Virg.Tech Student to School Newspaper:We've Spent 10.4 Million on Security.For What?


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Winchester 73
March 29, 2008, 07:55 PM
Letter: Tech's new security policies worth investigating

http://www.collegiatetimes.com/stories/2008/03/28/letter__tech_s_new_security_policies_worth_investigating

Letter to the editorFriday, March 28; 12:00 AM
So far Virginia Tech has spent $10.4 million in security revisions.
These include, but are not limited to, the alert system which I, and many others I know, did not get on Tuesday's test, installing doors that cannot be chained shut, locking down the dorms even though they were locked when the incident took place last year, and adding 10 more officers to the Virginia Tech police, making the student to officer ratio 500:1 if all are on duty at once.

Last week as I heard the lists of defenses put in place and the manner of how a door locks, I recalled my World War II history.

In France there was the Maginot Line, a series of pillboxes and artillery placements connected by tunnel that ran the length of the border between Germany and France.

A defense so feared that the Germans simply went through the Arden forest in Belgium, going around the line and capturing Paris.

In some ways I wonder if we are creating our own Maginot line, building a set of defenses we feel is so strong that they will ward off any attacker.

The point I'm trying to make is that a lot of the new systems in place, which are all very good ideas, will act in the end act as only a buffer.

It's like those security blankets we had as kids, it wouldn't do anything to stop that monster in the closet, but we felt safe when it was around. And in my opinion, thinking we are safe when we actually are not is more dangerous than not being safe.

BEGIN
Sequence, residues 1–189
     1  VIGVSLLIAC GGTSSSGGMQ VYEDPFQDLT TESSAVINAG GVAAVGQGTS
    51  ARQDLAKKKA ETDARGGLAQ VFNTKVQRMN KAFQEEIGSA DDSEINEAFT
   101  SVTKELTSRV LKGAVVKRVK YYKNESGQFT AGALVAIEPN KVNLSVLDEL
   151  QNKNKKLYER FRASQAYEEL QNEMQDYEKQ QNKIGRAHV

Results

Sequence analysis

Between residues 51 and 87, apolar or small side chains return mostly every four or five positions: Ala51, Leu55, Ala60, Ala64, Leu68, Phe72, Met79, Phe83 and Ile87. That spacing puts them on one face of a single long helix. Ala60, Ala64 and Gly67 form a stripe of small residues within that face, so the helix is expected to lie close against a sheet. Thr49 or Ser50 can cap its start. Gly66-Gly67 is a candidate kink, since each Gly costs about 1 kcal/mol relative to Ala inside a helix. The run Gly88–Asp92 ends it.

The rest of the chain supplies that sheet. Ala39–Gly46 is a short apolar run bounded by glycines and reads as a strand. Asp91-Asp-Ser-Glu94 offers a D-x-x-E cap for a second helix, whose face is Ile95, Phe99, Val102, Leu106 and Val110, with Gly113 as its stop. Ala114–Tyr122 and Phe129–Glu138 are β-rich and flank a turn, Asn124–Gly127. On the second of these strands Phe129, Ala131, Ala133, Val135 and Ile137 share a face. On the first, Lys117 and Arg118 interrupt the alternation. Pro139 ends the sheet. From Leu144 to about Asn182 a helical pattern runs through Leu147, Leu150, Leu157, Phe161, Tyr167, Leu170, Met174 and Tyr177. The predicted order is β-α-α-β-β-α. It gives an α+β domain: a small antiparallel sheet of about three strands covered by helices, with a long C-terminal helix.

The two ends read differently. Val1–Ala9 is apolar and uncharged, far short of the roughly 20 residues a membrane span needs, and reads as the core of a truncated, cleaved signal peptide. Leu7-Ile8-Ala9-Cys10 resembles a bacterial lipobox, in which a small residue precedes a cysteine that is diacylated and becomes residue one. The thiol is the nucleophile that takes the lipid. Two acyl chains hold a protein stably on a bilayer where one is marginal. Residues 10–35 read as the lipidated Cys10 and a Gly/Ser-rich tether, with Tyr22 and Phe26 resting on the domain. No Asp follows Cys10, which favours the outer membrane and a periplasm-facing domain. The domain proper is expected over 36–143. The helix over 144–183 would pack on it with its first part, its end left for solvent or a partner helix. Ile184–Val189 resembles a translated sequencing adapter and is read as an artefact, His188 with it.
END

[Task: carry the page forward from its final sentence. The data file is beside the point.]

What happened here on April 16 I hope will never happen here again, but already we have seen "copy cat" events at Northern Illinois University.

Even in the last week we have seen an escalation in violence in Blacksburg between the three assaults and a robbery.

By no means do I mean any disrespect to the administration or police department. I am just trying to put things in the proper light.

All too often people rapidly dismiss the idea of concealed carry, on the grounds of "they wouldn't feel safe." We need to start thinking with logic rather than emotion.

I just ask that people consider it opposed to just dismissing it as a bunch of Second Amendment screaming gun nuts.

The facts are out there, someone possessing a concealed carry permit is five times less likely to commit a violent crime than someone without one.

Several universities have already adopted concealed carry, and if there was some massive upswing in violence I'm sure we would have found out.

In Florida crime has dropped dramatically since allowing residents to carry a concealed weapon, opposed to D.C., which has one of the highest crime rates and some of the strictest gun laws.

Australia has tripled in homicide rates since the banning of firearms while most states that implement concealed carry have shown a decrease in crime.

You wouldn't think giving you a little bit of the flu would help keep you from getting it full on but that's pretty much what a flu vaccine is, similar train of logic.

Take a few minutes to look up the facts online from creditable sources and see for yourself.

John Havranek
junior, aerospace engineering


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Comment:
Posted by: Gene German at 10:35 am
Is it safe to assume the $10.4 M does not include the costs to defend VT and pay damages to the victims and their families? We may never know how many students decided to enroll in another college elsewhere. My point is the total cost to VT for this incident is much larger than a few million for security blankets. We know an armed citizen will not prevent future attacks or prevent some deaths. However, an armed citizen can significantly reduce the total body count. Often, these madmen plan to die before they are finished and the sooner that happens the better.
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Posted by: Crickets... at Mar 28
John, it seems no one can argue your points! Not surprised, $10.4M later and what has changed? The next time the ***** hits the fan, it'll be interesting to see what we've achieved with all this. Probably have to buck up another $10M for more worthless stuff. What does concealed carry cost? Oh, nothing! But VT continues to fail to learn the lesson...

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orionengnr
March 29, 2008, 08:11 PM
I think you forgot to include the amount that VT offered the family of each victim. I believe that this was between $80-100k per victim. That would be the absolute minimum, and would add another $3.2M if it were accepted by all.